When I did my fitness test last year for some reason the mask was freaking me out and making my lip twitch. I can't tell you how close I came to jumping off the trainer and tearing that thing off of my face. I hope it goes better this time around.

bryan said...

Last week I did my first hard interval session of the year on the trainer -- and I was feeling the same things. The first one went horribly, making me think about bagging the whole thing and trying again the next day. During the rest period I refocused and hit the next two right on the money.

I think it's always a shock when your body returns to a very heavy effort after some time away from such things. Your body's default setting is 'revolt,' making it a bit more difficult to flip the switch.

Sean Weide said...

I saw a guy get off his bike and throw it during a race.

It ended up in a ditch, wound up in a barbed-wire fence. As you can imagine, it was quite a funny sight seeing him trying to untangle it without scratching the paint.

gravy said...

Thanks!

This post has reminded me to start very slowly when getting back onto the treads... Like getting in a hot tub... Ouch ouch ouch, awwwwww.....

Marc said...

Never throw your bike at least when someones around.

Very well put article. You're learning and that's the biggest part of this to get better or achieve your goals. I hate grades because there is so much potential in a person that a test doesn't show. I searching for a better word for these "tests" that don't make them sound like a pass/fail system. Any ideas from anyone?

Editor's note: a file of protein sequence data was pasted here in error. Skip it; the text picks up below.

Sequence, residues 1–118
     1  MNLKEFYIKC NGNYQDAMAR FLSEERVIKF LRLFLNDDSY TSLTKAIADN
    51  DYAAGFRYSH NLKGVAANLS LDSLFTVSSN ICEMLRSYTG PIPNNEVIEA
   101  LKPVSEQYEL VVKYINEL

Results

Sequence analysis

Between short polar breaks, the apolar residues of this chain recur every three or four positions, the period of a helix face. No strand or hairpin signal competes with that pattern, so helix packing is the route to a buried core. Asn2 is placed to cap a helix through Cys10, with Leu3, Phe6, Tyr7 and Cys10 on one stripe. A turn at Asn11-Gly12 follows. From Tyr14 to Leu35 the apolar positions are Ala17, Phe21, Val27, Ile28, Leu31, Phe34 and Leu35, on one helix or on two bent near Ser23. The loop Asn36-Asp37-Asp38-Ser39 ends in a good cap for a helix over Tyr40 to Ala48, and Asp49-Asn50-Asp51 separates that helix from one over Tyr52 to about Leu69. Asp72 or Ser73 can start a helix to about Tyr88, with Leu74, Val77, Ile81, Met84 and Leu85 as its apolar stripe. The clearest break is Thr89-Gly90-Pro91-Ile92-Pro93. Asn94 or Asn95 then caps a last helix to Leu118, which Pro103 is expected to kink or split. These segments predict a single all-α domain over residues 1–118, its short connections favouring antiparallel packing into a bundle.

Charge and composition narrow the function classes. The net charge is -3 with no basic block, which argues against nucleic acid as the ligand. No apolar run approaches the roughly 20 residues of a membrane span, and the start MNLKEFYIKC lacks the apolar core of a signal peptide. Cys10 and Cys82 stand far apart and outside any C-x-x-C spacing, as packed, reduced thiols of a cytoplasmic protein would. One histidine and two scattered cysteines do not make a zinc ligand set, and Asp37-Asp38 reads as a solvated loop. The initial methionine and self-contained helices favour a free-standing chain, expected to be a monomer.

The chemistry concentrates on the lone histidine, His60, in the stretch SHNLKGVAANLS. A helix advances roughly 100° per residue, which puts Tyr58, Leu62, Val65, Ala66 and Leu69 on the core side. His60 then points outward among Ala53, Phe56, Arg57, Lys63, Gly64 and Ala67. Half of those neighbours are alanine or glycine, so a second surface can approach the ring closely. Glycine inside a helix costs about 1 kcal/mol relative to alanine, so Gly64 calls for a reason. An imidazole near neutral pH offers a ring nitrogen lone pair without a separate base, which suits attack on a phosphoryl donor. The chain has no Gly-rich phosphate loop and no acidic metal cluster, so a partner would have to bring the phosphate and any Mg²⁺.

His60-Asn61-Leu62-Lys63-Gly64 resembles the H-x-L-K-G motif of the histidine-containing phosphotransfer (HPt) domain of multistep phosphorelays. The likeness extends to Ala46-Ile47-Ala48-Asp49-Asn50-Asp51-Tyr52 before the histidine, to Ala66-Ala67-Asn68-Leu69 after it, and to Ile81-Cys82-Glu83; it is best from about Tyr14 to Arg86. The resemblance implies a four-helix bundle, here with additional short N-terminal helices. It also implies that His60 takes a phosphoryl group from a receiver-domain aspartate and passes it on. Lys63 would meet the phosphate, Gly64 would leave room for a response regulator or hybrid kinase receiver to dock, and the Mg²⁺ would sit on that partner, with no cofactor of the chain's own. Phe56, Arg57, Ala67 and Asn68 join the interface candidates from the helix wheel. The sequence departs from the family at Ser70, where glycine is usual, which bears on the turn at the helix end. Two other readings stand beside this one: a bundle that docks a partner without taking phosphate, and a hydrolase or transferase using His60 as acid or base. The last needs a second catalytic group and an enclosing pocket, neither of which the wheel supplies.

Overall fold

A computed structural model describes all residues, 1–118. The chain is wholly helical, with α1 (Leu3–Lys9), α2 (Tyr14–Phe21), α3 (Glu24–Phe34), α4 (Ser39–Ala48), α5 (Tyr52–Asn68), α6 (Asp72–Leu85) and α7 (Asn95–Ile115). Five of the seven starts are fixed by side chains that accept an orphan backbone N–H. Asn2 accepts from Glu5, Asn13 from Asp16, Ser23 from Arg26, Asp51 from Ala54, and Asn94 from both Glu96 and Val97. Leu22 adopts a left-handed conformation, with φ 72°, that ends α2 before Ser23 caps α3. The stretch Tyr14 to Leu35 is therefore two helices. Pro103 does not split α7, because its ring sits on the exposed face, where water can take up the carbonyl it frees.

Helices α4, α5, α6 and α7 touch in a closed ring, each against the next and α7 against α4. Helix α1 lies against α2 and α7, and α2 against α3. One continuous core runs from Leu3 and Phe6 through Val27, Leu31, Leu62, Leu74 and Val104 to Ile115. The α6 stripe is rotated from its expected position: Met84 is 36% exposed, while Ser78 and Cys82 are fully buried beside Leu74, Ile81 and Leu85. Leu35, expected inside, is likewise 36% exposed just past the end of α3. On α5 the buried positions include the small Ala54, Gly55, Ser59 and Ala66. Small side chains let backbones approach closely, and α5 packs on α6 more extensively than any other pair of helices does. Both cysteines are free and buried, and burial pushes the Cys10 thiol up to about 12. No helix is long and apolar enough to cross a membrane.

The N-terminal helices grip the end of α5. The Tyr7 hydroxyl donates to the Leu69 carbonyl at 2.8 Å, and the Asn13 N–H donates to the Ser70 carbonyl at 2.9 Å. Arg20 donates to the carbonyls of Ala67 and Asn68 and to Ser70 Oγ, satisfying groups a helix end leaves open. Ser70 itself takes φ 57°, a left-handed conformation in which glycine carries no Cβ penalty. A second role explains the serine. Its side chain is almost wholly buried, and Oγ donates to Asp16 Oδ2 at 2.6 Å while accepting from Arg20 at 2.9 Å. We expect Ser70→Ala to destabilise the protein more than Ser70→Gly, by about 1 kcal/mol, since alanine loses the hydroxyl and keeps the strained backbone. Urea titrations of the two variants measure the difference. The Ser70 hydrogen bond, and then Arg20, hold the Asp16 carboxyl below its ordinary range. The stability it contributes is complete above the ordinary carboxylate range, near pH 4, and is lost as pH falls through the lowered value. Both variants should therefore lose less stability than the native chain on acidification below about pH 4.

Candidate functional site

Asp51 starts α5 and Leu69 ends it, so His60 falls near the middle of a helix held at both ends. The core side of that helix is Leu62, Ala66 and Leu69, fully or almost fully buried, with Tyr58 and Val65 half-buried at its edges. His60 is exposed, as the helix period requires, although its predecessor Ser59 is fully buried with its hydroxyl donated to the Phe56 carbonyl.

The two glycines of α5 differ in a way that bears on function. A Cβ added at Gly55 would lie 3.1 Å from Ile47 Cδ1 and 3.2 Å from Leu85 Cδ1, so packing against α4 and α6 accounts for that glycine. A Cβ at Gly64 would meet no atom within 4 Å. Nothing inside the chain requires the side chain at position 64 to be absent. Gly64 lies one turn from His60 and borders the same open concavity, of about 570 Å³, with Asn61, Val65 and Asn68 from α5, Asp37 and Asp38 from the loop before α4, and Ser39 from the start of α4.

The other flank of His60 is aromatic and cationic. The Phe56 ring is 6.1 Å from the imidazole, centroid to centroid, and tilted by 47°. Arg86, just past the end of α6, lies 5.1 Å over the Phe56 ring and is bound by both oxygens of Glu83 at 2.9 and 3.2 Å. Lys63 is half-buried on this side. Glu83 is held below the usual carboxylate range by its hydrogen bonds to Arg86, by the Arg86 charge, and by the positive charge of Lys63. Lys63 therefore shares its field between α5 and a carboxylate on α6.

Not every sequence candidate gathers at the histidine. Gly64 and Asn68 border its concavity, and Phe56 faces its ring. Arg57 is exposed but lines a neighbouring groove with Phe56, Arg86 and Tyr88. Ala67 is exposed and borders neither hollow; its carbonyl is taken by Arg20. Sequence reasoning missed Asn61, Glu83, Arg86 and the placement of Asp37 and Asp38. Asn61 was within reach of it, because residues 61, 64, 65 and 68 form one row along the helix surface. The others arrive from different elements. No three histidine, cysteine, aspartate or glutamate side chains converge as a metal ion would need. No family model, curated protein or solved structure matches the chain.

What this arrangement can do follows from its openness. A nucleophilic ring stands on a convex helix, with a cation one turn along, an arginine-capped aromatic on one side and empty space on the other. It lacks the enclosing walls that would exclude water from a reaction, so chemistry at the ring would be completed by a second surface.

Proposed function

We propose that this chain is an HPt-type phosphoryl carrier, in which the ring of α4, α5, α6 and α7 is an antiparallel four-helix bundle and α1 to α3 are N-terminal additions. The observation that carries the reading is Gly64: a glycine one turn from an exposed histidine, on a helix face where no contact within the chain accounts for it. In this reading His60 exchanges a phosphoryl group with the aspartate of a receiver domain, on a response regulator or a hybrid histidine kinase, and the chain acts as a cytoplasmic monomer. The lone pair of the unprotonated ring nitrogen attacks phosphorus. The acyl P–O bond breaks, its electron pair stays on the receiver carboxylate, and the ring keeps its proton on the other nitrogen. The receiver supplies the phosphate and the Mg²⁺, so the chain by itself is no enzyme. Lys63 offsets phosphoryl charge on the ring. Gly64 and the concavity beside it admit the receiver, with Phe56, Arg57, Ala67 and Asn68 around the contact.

There really isn't a certain number you need to achieve. These tests fluctuate through out the year depending on what part of the training process your in. You've come off a transition period and you know those numbers hadn't changed since right before cross natz. You should of loss some form but haven't.

Bryan, usually the first interval is a struggle ( depends on what you're doing). On that second or third interval you'll have a better gauge of what the session is really like. Then if you start to loose form in your intervals STOP. I get in a good warm up that includes some effort of the type of interval I'm going to do then recover.

There's a lot more to bike racing or achieving any of your goals whether it be fitness related or in your non-riding part of your life. There's so many circumstances it's really amazing if you can achieve your goals.

sydney_b said...

@chris, I've only tried it with a mask once and I didn't last 10 minutes before I did freak out and claw it from my face, so those will be some numbers I may never get.

@bob, you're absolutely right, and I keep that in mind.

@all, my good attitude returned when I read Sue Butler was nominated to go to 'cross worlds. It's so cool to see someone you're chasing and have talked to achieve something like that. Inspiring, even. :)

bryan said...

marc -- I was doing 5-minute lactate threshold intervals in TT position (the CTS DVD). It's a 10-minute warmup with a couple of one-minute intensity periods midway through. I did lose my form a little in the first one, which is why that first recovery time was huge for the rest of the workout. After that, I nailed it.